However, it has been suggested that subjects in these experiments could have been successful through the use of non-episodic mechanisms, and thus without necessarily recalling the encoding event in an episodic-like manner [1519,23,36]. As this paradigm requires repeated training to learn the experimental rules (such as the degradation rates of certain foods), the animals may learn to expect an upcoming memory test after the presentation of the encoding situation. Therefore, they may learn that some specific information within the presented event is required to use in the expected upcoming memory test. Subsequently, the animal may be able to retain and carry forward a memory trace representing this information in order to use later in the anticipated memory assessment, without actually remembering back to the original event upon presentation of this memory test (as is required for an episodic-like memory account) [37].

An alternative paradigm used to test episodic-like memory in non-human animals, and arguably the most convincing [37,38], is the incidental encoding and unexpected question paradigm [15]. The rationale behind this paradigm is that when we, as humans, engage in episodic memory and recall a specific experience, we may remember details from that event that were inconsequential to our needs, thoughts, or desires at that time. This trivial, or ‘incidental’, information is nevertheless encoded automatically as part of the memory [39] and is subsequently recalled as part of a holistic representation of the event. For example, we may recall incidental visual information when remembering a visit to the supermarket the day before, such as the colour of the cashier’s t-shirt or the pattern on the countertop. This paradigm thus aims to behaviourally represent the incidental encoding characteristic of human episodic memory, by ‘unexpectedly’ asking subjects to recall incidental information about a specific event. As these tests are unexpected to the subjects, they do not learn that any specific information within an encoding trial will later become relevant for an upcoming memory test. If subjects are able to use information, that was irrelevant to solving an encoding trial to obtain success in a subsequent memory test, this demonstrates that they are able to encode, recall and access incidental information within a remembered event, which is a capability characteristic of episodic memory in humans [23]. Researchers have used the incidental encoding and unexpected question paradigm to investigate episodic-like memory in various non-human taxa [1523].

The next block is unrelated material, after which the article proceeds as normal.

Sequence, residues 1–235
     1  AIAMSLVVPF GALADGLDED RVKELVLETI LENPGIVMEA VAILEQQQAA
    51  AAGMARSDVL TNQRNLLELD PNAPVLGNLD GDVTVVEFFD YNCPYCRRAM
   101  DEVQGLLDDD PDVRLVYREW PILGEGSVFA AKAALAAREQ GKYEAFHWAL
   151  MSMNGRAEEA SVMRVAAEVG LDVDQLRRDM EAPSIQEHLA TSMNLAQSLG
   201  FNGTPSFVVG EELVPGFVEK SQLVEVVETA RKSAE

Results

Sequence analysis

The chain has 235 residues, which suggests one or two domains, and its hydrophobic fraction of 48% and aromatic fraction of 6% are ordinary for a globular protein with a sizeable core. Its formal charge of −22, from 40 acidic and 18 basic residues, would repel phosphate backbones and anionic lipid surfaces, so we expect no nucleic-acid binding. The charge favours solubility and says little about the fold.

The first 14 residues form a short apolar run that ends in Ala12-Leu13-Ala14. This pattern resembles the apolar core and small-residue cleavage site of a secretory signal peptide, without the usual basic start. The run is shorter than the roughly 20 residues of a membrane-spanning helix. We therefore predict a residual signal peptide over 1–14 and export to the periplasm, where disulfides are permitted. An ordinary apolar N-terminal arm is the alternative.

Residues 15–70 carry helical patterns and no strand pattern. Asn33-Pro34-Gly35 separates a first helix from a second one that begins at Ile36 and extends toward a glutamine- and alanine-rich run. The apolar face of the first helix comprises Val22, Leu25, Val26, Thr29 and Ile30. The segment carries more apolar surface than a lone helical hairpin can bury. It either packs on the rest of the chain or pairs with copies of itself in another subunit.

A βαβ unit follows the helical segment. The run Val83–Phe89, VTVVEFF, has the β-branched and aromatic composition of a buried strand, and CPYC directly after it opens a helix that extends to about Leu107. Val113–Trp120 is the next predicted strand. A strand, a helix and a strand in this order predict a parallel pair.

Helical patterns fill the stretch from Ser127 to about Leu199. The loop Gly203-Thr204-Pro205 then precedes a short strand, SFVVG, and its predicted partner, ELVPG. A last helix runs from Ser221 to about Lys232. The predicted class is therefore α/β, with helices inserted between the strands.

Whilst episodic-like memory has been extensively studied in a few corvid species using the what-where-when memory paradigm [1114,25,26], to our knowledge no researchers have assessed their abilities using the incidental encoding and unexpected question paradigm. Consequently, we tested Eurasian jays (Garrulus glandarius), a member of the Corvidae family and relative of the scrub-jay, on their ability to use incidentally encoded information in an unexpected memory task. Like scrub-jays, Eurasian jays habitually cache both perishable and non-perishable foods for later consumption and depend heavily on these caches to sustain them through periods of low food availability [40]. Furthermore, they show evidence for complex cognitive abilities, such as object permanence [41], observational spatial memory [42], and some evidence for the flexible deployment of various cache-protection strategies [4345] (although these findings were not replicated in later work [46]). Most importantly, however, Eurasian jays have also shown evidence for planning for the future, by overcoming their current desires in order to plan for anticipated future needs [47]. As, in humans, episodic memory is thought to provide the basis from which future orientated thoughts and predictions can be made [4850], we predicted that Eurasian jays would be able to encode incidental information related to an event, and then subsequently recall this information in order to solve an unexpected memory task.


Subjects and housing

Seven Eurasian jays (3 females, 4 males) participated in this study. The sample was made up of all birds that were available and motivated for testing. All the jays were hand-reared in 2015 and were socially housed within a large outdoor aviary (approximately 20m long × 10m wide × 3m high) at the Sub-Department of Animal Behaviour, University of Cambridge, Cambridgeshire, UK. The aviary was divided at one end into smaller sections (approximately 6 × 2 × 3m) which connected to indoor testing compartments (each 2 x 1 x 2m). The jays were fed a maintenance diet of soaked cat food biscuits, eggs, vegetables, seeds, and fresh fruit and had ad libitum access to water (including during testing). To increase their motivation to participate in experiments, the jays’ maintenance diet was removed from the aviary 1-hour before testing. Subjects participated on a voluntary basis (maximising motivation) and were individually separated once they entered the testing compartments. The experimenter interacted with the jays via an open window adjacent to the indoor compartments.